What’s the rush?

Oh yes, that's the second Spaceballs reference in a week.

Oh yes, that's the second Spaceballs reference in a week. But seriously, this is what it feels like at any meeting with enough donors, unless it involves actually doing something.

Despite the reality that development is a gradual, plodding process, a lot of us seem to be in a huge hurry to get things done now. This can be rather irritating, as we tend to push concepts and projects out the door before they’ve been properly thought out or tested, or we let money flow before the mechanisms are in place to properly account for it.

There are plenty of factors behind this urgency. Aid agencies have very powerful personal and organisational incentives to spend all of their money in a given year, or before the competition of a project. I am likely not the only one to have gone on a donor-sponsored workshop that only existed to act as an excuse for exhausting a budget.

The rush is often driven by self-imposed deadlines. We set a goal in stone (often without careful thought), and refuse to budge from that goal until we’ve accomplished it. This would account for the enormous sense of urgency being driven by the Millennium Development Goals. One could argue that this urgency is entirely manufactured: there’s nothing particularly significant about meeting our targets by 2015, other than that’s what we agreed to do. Bill Easterly recently wrote about the problems with over-committal, so I won’t cover them again here.

Perhaps the largest factor in the “environment of urgency” that has sprung up is the global cost of poverty. Every day X children die because they are poor. X number of people have HIV/AIDS. X number of people die of easily preventable diseases. This is the most reasonable rationale for urgency, although often it is not entirely level-headed. The goals driven by this sense of urgency (such as the MDGs) value the reduction of poverty and suffering a great deal, so long as the reduction happens now, or soon (before 2015), but inherently have little opinion on long-term progress. It is highly likely that the types of policies we should implement when thinking about poverty for the next 100 years differ significantly from those we would use when thinking about poverty for the next 20, or 5 years. This is the biggest danger: that we eschew long term gains wins to score quick wins.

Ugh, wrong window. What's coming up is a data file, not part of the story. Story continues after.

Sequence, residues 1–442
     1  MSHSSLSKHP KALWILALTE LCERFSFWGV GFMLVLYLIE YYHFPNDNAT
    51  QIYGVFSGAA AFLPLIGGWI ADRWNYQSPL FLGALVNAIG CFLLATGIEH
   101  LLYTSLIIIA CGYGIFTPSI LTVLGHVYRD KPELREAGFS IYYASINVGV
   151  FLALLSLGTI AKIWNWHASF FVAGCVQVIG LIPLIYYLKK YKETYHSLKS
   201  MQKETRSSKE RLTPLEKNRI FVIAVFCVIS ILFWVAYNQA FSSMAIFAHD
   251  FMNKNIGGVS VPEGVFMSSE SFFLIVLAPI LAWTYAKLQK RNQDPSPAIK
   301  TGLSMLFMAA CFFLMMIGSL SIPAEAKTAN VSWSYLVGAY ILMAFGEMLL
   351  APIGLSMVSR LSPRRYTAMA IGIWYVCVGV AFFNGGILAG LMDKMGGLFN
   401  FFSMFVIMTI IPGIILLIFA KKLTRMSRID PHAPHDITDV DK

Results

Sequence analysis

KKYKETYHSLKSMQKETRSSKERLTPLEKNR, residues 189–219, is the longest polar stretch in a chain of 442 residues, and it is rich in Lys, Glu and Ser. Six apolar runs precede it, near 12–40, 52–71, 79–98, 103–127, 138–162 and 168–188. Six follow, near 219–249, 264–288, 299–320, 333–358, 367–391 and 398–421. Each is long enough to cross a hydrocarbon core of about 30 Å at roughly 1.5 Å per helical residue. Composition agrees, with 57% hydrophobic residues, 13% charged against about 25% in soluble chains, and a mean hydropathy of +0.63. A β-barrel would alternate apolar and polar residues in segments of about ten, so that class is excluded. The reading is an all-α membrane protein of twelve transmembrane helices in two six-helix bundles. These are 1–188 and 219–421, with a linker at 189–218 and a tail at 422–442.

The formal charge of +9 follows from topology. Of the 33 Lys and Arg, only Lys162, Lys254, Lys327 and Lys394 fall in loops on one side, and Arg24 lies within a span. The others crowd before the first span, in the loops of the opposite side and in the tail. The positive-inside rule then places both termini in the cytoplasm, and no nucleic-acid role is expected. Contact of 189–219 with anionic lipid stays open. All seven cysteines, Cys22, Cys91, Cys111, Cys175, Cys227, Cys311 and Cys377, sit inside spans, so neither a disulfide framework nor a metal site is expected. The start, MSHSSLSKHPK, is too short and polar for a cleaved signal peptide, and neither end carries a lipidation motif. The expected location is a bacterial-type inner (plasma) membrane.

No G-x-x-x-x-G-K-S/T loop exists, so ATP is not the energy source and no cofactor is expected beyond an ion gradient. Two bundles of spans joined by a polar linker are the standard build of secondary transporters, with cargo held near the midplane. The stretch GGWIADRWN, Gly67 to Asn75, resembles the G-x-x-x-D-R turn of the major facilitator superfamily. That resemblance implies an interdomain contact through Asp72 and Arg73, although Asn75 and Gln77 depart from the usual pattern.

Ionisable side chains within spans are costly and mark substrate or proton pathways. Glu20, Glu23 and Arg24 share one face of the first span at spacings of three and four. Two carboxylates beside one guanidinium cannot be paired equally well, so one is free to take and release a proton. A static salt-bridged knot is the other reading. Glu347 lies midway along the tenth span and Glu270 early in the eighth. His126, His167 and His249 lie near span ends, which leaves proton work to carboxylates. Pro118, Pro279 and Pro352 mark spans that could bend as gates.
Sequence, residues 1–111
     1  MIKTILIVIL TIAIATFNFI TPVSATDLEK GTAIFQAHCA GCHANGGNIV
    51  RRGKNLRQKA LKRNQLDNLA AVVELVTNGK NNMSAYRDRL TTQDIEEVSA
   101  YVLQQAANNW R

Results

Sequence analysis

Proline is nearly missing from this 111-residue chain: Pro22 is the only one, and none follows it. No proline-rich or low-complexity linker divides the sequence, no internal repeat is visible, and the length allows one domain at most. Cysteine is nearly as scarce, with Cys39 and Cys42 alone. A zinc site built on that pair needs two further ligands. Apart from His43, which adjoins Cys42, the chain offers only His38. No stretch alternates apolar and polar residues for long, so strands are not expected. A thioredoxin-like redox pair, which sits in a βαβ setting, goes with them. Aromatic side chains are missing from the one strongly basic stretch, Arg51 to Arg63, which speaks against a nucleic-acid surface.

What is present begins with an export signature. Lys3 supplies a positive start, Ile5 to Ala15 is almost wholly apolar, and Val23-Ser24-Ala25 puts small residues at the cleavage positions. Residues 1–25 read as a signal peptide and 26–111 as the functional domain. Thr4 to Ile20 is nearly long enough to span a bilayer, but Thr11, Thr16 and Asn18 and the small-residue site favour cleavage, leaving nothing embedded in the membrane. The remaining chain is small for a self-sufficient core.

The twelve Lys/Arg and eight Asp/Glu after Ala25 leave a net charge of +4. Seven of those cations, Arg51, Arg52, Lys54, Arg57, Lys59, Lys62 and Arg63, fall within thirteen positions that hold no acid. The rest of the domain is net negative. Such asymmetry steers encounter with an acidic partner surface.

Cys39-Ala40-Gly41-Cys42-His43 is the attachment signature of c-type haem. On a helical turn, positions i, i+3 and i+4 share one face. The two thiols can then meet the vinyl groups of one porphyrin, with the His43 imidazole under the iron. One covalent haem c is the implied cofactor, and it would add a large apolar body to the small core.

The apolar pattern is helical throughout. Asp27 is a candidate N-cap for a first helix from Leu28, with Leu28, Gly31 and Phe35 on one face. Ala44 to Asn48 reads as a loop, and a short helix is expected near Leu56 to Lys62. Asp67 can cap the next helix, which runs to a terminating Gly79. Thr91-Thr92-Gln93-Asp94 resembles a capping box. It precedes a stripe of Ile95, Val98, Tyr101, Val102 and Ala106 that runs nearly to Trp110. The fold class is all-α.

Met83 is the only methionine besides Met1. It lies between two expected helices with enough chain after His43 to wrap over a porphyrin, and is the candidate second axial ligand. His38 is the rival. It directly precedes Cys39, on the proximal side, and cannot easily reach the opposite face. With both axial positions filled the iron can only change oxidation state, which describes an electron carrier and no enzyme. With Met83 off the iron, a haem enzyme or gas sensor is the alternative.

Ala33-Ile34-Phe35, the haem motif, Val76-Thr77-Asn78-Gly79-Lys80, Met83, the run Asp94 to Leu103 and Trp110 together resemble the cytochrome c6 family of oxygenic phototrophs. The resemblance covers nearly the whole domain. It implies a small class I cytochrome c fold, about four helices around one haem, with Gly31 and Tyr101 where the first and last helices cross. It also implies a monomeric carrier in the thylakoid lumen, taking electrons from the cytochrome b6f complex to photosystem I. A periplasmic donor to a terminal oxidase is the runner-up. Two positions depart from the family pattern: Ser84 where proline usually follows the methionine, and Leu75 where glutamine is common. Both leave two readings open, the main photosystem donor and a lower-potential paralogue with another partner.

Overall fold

These thoughts came to me when I recently read about the debate over what to do with the first hunk of foreign aid handed over to Zimbabwe’s coalition government. From the BBC:

Two key figures in Zimbabwe’s shaky power-sharing government are divided over how to spend some $800m (£500m) in recently approved donor funding.Central Bank governor Gideon Gono – an ally of President Robert Mugabe – has said Finance Minister Tendai Biti is being slow to spend the money.

Yes folks, that’s the Gideon Gono, recent recipient of an Ig Nobel price in Mathematics for his astonishingly bad monetary policy, who apparently had little sense of irony when he went on to say:

“I called the minister of agriculture… and told him that if he is not careful, he will lead this country to hunger.”

If there’s any country in the world that needs to think carefully about how to spend its aid, it’s Zimbabwe.